Volume 2, Issue 4 (Winter 2016)                   johe 2016, 2(4): 44-51 | Back to browse issues page

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Dastaran S, Hasheinejhad N, Shahravan A, Baneshi M, Faghihi A. Identification and Assessment of Human Errors in Postgraduate Endodontic Students of Kerman University of Medical Sciences by Using the SHERPA Method . johe. 2016; 2 (4) :44-51
URL: http://johe.umsha.ac.ir/article-1-151-en.html
, dastaran_saman8879@yahoo.com
Abstract:   (4924 Views)

Introduction: Human errors are the cause of many accidents, including industrial and medical, therefore finding out an approach for identifying and reducing them is very important. Since no study has been done about human errors in the dental field, this study aimed to identify and assess human errors in postgraduate endodontic students of Kerman University of Medical Sciences by using the SHERPA Method.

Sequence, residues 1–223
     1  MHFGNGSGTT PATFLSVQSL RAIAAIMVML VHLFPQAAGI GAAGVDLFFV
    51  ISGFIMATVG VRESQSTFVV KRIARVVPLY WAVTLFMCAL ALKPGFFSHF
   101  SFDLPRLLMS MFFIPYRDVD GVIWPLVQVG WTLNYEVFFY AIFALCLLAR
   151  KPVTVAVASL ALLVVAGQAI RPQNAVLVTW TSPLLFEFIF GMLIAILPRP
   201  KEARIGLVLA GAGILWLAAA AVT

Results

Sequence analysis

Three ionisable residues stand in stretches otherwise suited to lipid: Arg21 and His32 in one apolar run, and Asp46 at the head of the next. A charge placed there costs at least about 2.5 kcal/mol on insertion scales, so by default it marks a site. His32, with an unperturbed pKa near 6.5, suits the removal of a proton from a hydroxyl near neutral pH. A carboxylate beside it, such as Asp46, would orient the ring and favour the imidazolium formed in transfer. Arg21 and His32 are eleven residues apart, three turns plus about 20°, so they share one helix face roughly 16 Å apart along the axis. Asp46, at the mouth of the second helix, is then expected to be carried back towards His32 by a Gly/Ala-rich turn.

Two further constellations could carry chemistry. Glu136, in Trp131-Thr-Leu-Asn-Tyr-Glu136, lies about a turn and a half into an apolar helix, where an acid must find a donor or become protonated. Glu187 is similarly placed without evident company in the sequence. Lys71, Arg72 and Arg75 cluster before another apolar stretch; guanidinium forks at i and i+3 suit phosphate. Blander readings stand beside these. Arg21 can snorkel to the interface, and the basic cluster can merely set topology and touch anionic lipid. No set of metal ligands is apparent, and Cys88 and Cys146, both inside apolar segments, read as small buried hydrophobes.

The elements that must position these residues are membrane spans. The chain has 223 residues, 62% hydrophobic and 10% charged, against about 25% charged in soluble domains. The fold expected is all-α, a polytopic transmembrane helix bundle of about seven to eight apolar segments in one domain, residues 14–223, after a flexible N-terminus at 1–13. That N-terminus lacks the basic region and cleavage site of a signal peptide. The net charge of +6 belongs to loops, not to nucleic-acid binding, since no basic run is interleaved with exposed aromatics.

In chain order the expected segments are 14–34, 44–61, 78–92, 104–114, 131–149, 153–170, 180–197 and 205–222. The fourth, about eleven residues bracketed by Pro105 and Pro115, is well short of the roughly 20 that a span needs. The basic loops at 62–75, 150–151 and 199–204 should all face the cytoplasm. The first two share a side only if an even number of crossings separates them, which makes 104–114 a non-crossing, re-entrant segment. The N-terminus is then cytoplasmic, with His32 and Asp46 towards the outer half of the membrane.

Methods: This cross-sectional study was performed during year 2014. Data was collected using task observation and interviewing postgraduate endodontic students. Overall, 10 critical tasks, which were most likely to cause harm to patients were determined. Next, Hierarchical Task Analysis (HTA) was conducted and human errors in each task were identified by the Systematic Human Error Reduction Prediction Approach (SHERPA) technique worksheets.

Results: After analyzing the SHERPA worksheets, 90 human errors were identified including (67.7%) action errors, (13.3%) checking errors, (8.8%) selection errors, (5.5%) retrieval errors and (4.4%) communication errors. As a result, most of them were action errors and less of them were communication errors.

Conclusions: The results of the study showed that the highest percentage of errors and the highest level of risk were associated with action errors, therefore, to reduce the occurrence of such errors and limit their consequences, control measures including periodical training of work procedures, providing work check-lists, development of guidelines and establishment of a systematic and standardized reporting system, should be put in place. Regarding the results of this study, the control of recovery errors with the highest percentage of undesirable risk and action errors with the highest frequency of errors should be in the priority of control.

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Type of Study: Research Article | Subject: Safety

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